In her book Irreversible Damage, Abigail Shrier explores the phenomenon of teenage girls trying to become boys by changing their clothes and names, as well as pursuing surgical and hormonal interventions. Naomi Schaefer Riley writes in her review:
Historically, gender dysphoria—“characterized by a severe and persistent discomfort in one’s own biological sex”—begins in early childhood. It affected a tiny sliver of the population and was almost exclusively found in boys. Around ten years ago, all that changed. Now the number of cases has skyrocketed, the sufferers are overwhelmingly girls, and none of it is happening until adolescence. They’re generally from white families with higher incomes. And there are “clusters of adolescents in a single grade, suddenly discovering transgender identities together.”
Ordinarily, we don’t go to doctors explaining that we think we have pancreatic cancer and just expect them to treat it. We go to doctors with symptoms and expect them to run tests and find the source of our pain. When anorexics tell us they are too fat, we don’t expect medical professionals to agree and help them search for a Weight Watchers meeting. But when it comes to gender dysphoria, therapists are supposed to adhere to the “affirmative-care standard,” which basically means telling a patient his or diagnosis is correct and then figuring out how to “treat” it.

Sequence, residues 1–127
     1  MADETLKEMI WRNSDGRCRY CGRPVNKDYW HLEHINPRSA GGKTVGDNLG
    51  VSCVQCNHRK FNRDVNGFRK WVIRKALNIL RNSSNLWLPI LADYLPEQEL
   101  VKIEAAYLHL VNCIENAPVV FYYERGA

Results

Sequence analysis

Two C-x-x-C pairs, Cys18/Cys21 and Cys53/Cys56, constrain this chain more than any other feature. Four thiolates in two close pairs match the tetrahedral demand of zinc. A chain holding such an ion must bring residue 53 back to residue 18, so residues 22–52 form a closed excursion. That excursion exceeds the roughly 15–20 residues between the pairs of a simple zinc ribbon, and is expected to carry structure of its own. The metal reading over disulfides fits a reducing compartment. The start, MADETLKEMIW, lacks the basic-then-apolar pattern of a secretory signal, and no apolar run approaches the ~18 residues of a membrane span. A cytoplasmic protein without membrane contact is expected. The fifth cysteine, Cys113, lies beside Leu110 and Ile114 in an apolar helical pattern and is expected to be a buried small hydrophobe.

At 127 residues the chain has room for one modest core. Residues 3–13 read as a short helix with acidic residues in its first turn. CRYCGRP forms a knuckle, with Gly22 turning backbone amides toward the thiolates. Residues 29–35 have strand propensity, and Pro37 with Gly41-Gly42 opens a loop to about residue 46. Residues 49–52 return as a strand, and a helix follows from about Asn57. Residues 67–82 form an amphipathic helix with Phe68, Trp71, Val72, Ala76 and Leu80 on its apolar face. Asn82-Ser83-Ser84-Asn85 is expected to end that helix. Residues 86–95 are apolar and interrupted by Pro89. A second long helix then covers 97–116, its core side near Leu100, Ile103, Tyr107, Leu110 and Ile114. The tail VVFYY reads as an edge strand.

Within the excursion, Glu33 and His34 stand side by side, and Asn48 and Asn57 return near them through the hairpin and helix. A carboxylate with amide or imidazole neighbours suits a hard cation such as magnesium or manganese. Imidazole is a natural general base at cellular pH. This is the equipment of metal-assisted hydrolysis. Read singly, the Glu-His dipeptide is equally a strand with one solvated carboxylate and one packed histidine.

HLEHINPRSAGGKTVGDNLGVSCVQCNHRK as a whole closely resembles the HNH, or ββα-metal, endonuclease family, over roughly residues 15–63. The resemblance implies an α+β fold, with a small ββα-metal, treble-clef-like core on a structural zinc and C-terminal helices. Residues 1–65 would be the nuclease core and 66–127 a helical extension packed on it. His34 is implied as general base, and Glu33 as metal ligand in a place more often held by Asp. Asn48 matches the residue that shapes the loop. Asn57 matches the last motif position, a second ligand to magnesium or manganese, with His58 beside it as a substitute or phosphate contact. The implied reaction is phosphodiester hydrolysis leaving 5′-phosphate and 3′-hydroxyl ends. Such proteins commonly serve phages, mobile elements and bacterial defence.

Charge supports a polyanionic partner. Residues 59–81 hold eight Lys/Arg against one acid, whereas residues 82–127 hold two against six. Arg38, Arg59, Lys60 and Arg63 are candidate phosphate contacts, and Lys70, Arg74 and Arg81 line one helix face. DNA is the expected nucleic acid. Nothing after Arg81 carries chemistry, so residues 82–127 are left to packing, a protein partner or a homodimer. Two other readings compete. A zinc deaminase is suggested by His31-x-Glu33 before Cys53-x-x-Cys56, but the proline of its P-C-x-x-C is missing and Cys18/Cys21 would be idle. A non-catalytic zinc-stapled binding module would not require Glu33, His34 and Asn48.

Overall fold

It is not just the demand for self-mutilation that should tip us off to the cultish nature of this movement. . . . Take the way that the transgender activists treat apostates, for instance. If someone decides to “de-transition”—that is, she starts to believe that her biological sex was the right one after all—she is shunned, harassed, and threatened online. And current believers are warned not to have anything to do with her.
How bizarre it is that, after decades of giving girls the message that girls can do whatever they want and be whomever they want, what they have decided is that they don’t want to be girls.